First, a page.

Such is a general outline of the data available for writing the history of the past, and such the methods by which these data have been interpreted and the scattered parts woven into a connected whole. That many mistakes have been made in doing this is undeniable, nor may we say that all have been corrected. But the same may be said of any history, even of the record of current events, and if errors are pardonable, surely the historian may be forgiven who is writing of events that took place not hundreds, but thousands and millions, of years ago. It must be borne in mind, too, that the student of the past is sadly hampered by what Darwin called the imperfection of the record, the utter lack of anything like a continuous transcript of past life. Very many animals were by their very structure prevented from leaving any vestige of their former presence, and the vast majority of those that could, perished under such conditions that they failed to do so. The greater part of all fossils are inaccessible, for we can only reach those whose ancient burial-places have been laid bare by the wearing away of overlying rock, or where the edges of strata have been cut through by rivers, or exposed by the mighty thrust of forces that have converted plains into mountains. And even after events like these had laid bare the rocky pages wherein the story of the past is written, the hand of Nature, with the selfsame means, has ruthlessly erased all traces of the record before they had been seen by the eye of man.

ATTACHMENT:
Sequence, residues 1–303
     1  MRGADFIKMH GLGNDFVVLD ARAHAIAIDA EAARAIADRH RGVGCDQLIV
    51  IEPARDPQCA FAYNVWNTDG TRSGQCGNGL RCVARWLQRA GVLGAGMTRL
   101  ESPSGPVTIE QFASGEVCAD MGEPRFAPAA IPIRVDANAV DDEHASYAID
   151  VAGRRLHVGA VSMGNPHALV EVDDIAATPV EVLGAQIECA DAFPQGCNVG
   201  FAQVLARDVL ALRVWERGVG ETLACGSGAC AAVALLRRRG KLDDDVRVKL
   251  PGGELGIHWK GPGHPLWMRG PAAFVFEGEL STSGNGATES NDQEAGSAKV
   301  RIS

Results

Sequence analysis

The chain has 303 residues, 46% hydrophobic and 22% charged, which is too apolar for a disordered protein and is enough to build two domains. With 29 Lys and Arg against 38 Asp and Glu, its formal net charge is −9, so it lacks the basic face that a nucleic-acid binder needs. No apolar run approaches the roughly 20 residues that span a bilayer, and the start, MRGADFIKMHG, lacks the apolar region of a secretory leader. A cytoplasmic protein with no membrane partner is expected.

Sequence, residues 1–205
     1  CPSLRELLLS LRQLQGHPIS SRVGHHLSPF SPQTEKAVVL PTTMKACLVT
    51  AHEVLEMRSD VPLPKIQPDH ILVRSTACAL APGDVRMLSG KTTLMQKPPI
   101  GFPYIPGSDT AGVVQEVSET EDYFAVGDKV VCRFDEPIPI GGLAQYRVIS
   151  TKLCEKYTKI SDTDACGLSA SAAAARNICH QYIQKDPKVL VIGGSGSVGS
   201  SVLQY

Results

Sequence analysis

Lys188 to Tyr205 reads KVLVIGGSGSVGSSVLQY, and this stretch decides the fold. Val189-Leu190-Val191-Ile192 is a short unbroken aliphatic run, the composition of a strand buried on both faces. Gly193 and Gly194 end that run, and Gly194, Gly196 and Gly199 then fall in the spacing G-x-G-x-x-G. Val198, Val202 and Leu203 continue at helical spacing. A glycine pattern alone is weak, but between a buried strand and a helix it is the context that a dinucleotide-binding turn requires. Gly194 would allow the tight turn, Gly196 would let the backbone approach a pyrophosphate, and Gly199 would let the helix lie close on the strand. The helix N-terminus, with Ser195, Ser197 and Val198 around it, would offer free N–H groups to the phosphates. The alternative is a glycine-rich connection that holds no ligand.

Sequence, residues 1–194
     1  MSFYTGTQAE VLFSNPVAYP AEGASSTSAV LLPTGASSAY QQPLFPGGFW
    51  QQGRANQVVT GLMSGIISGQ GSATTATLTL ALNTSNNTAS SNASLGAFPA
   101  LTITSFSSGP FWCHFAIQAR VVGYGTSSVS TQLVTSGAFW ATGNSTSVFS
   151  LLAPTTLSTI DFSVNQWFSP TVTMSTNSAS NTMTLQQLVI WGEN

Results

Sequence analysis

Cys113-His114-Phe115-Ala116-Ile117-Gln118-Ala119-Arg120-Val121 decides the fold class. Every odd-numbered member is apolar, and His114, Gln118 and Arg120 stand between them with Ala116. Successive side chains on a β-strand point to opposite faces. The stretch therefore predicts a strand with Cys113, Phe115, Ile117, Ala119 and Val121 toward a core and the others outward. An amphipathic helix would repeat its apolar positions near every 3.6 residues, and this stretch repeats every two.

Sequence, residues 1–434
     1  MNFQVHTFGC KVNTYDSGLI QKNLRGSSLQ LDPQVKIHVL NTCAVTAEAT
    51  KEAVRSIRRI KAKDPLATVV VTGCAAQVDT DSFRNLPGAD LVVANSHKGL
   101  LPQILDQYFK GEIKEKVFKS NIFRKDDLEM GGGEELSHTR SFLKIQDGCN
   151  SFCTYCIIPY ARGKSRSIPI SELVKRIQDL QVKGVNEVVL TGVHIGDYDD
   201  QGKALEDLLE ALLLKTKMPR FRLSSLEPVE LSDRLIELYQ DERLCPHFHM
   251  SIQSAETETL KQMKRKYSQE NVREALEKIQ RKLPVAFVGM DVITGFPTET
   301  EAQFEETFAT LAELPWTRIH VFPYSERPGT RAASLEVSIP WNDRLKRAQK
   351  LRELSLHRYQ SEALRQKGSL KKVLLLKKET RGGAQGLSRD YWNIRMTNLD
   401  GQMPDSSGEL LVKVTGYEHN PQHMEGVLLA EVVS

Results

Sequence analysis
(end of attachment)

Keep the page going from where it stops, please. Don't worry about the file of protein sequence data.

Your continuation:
There is perhaps no group of animals that illustrates this imperfection of the record so well as birds. There are living to-day not less than 12,000 species, and half of these belong to one group, the Passeres, or perching birds. The ancestors of some of these were living at the time camels, horses, and elephants were among the common animals of North America; but if we go back to the Eocene we find the group represented in our continent by just three specimens, and two of these seem to have been much like modern birds. The Cretaceous has yielded more specimens and more species, but the birds of that day were totally unlike those of the Eocene, for they were birds with teeth, and we can not trace the connection between them. And here the record ceases, so far as North America is concerned, for back of that we have absolutely nothing. And yet birds there were, because our toothed water-fowl represent two groups, one of which had become so specialized for aquatic life that it had lost the power of flight, and almost lost every vestige of wings. The older rocks (Jurassic) of Europe have yielded two birds, besides a single feather, and these differ as widely from our toothed species as do those from the birds of to-day. The wonder is, not that we know so little of the life of the past, but that we know so much.